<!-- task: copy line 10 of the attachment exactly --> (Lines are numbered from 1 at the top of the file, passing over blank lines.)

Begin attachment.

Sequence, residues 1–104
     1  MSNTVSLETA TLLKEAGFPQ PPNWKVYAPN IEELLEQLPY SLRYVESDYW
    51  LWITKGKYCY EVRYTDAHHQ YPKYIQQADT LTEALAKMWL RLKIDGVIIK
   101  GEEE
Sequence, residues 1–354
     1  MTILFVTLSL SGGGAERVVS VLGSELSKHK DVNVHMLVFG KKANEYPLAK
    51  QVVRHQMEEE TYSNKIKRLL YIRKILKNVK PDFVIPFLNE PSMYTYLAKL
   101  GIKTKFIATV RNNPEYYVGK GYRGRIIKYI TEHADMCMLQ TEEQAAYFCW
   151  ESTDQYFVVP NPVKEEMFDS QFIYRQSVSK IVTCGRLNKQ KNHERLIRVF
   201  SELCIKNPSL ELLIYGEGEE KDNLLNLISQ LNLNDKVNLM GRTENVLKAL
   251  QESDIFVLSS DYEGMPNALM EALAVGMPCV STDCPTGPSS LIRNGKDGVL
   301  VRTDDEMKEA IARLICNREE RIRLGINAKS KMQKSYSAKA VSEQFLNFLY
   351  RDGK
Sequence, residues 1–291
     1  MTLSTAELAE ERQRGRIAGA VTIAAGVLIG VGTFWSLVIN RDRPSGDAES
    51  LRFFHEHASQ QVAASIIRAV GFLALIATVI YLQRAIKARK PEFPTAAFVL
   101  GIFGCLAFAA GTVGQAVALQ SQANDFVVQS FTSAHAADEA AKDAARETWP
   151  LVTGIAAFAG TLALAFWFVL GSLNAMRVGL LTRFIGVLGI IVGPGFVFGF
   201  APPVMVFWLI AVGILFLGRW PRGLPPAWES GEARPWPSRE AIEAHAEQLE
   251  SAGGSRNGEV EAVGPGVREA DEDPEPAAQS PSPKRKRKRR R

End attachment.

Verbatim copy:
   201  SELCIKNPSL ELLIYGEGEE KDNLLNLISQ LNLNDKVNLM GRTENVLKAL